NYC pedicab companies
By Andrea Sachs
Washington Post Staff Writer
Sunday, June 29, 2008; P06
Among the experiences that make one go “Eek!, ” tooling around Manhattan in a rickshaw ranks high, falling somewhere between a cab ride during rush hour and walking through Times Square after the theaters let out. Some of the bike-drawn buggies come equipped with seat belts; others don’t. You decide your threshold of thrill.
“There’s a real rush going through traffic, ” said Jacob Press, a tour guide with the Manhattan Rickshaw Co., the longest continuously operating pedicab outfit in New York City. “We can always find a way through.”
I have explored the City That Never Stops by foot, bus and bike. But on a recent trip, I wanted to sightsee in a vehicle that was intimate with the urban landscape but didn’t require any energy expenditure. So I called Manhattan Rickshaw a few days before my visit and booked Press and his quads.
Rickshaws are pervasive in Asia, where the economical bicycles with big back seats jostle for space among mopeds, cars, beasts of burden and swarms of pedestrians. In the United States, they’re more of a novelty than a necessity but are a rousing ride nonetheless. Though passengers are not as vulnerable as the biker, they’re still thrust into the chaotic street scene.
“It’s a combination of entertainment and transportation, ” said Manhattan Rickshaw owner Peter Meitzler, who was instrumental in bringing pedicabs to New York. “It’s fun and environmental and fills a niche.”
In 1994, he and a group of entrepreneurs brought a dozen pedicabs to Manhattan, a nervy experiment in a city so dependent on taxis. To drum up interest, the rides were free. Today, a number of companies send nearly 500 pedicabs onto the streets. The taxi alternatives, which can be hailed on nearly every busy corner, charge $15 to $40 for a 10- to 30-minute ride.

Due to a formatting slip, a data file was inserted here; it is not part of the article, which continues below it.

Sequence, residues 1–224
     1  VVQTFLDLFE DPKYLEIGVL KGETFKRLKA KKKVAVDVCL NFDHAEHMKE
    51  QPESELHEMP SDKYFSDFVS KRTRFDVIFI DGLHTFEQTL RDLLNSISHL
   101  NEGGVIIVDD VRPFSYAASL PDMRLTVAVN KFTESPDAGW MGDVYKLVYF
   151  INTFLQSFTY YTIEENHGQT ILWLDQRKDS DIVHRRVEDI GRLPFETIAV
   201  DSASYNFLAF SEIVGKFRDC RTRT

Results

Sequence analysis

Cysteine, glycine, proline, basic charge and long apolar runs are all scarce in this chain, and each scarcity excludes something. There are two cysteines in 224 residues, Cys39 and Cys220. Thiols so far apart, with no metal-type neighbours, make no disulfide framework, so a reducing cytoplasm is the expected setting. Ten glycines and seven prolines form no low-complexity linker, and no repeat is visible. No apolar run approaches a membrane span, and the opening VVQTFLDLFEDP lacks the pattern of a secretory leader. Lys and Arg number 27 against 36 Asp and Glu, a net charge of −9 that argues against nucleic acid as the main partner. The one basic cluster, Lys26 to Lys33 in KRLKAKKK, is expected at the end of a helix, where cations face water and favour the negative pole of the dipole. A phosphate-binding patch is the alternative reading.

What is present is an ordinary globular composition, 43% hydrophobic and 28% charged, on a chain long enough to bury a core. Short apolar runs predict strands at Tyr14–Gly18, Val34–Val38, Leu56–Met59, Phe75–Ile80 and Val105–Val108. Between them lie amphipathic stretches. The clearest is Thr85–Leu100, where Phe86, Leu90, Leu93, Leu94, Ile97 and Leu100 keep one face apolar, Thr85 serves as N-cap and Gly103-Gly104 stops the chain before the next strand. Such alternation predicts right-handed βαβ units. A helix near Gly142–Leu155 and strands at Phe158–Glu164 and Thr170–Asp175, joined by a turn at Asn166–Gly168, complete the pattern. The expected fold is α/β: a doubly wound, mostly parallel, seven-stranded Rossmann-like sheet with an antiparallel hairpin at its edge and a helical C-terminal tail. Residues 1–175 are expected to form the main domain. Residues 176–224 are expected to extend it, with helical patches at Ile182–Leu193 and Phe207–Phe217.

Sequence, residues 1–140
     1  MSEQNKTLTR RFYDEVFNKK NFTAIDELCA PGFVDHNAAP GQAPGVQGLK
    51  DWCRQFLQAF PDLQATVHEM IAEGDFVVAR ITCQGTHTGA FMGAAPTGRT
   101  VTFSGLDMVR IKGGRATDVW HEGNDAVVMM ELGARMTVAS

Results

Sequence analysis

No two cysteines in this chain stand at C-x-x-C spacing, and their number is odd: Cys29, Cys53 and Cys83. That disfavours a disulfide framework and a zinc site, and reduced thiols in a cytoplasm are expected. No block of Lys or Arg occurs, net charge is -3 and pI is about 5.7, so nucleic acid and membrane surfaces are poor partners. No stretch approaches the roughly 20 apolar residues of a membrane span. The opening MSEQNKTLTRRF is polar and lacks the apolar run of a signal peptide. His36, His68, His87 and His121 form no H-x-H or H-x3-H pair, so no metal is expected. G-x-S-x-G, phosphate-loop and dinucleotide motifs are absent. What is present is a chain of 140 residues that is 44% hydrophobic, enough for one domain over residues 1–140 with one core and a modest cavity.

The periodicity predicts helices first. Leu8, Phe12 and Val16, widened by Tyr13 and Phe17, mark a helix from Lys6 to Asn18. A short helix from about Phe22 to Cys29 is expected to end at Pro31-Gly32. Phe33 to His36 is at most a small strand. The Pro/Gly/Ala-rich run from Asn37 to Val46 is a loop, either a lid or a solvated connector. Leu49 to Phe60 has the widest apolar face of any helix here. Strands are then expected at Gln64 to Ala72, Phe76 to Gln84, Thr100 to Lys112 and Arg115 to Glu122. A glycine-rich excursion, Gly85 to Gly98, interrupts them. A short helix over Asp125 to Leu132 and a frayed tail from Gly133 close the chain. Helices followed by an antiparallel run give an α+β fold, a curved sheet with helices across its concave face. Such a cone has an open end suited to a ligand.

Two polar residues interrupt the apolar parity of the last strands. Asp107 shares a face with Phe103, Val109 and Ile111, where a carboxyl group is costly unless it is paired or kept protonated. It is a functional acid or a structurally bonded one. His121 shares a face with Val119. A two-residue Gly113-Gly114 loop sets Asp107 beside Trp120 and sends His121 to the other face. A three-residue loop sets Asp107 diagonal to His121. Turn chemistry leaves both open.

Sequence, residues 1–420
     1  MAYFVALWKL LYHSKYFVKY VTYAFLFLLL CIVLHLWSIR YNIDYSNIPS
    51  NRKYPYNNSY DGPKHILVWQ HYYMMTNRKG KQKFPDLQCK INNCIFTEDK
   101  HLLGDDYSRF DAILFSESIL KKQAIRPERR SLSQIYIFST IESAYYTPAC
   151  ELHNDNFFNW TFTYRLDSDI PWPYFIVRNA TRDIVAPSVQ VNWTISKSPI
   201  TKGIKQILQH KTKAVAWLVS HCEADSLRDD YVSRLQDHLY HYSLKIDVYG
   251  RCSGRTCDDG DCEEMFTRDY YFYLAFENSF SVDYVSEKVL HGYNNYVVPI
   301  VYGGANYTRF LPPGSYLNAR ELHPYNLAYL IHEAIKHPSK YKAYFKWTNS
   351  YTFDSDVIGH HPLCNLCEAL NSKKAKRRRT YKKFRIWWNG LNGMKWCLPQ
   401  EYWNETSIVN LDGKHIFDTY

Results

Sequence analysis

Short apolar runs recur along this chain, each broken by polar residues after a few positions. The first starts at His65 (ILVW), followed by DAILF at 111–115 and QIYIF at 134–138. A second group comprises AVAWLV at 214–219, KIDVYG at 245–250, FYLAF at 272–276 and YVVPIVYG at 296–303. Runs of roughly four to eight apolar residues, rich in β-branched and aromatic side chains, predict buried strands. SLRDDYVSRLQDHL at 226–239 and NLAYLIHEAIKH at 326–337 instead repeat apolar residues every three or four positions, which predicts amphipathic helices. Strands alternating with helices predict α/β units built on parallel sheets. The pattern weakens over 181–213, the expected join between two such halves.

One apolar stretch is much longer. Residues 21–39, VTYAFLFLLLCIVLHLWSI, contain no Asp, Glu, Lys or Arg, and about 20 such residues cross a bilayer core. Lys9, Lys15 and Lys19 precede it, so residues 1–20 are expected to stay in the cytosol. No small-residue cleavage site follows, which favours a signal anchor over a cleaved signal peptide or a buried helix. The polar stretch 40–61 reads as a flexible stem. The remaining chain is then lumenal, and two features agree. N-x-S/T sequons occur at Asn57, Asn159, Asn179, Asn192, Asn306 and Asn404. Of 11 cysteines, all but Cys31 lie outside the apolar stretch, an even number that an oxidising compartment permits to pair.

In Central Park, where I met my driver, pedicabs congregate alongside horse-drawn carriages, vying for passengers with a romantic streak. Some operators also employ licensed guides capable of pedaling, pointing and narrating without crashing.
“We cover a lot of ground, ” Press told me as I climbed into the 150-pound contraption, stashing my bags in a small compartment. “In the pedicab, you can see the landscape change and are close enough to see New Yorkers in their daily life.” (Press and I vaguely discussed price and route beforehand. My only request for the 90-minute tour was to cruise through Times Square during rush hour; he balked, then conceded.)
Currently a full-time law school student, the 29-year-old New Yorker also has a master’s degree in urban planning and was keen to share his advanced-degree education. “You see layers of the city, ” he said while pedaling away, his steady voice cutting through the street noise. “It’s looking forward and backward.”
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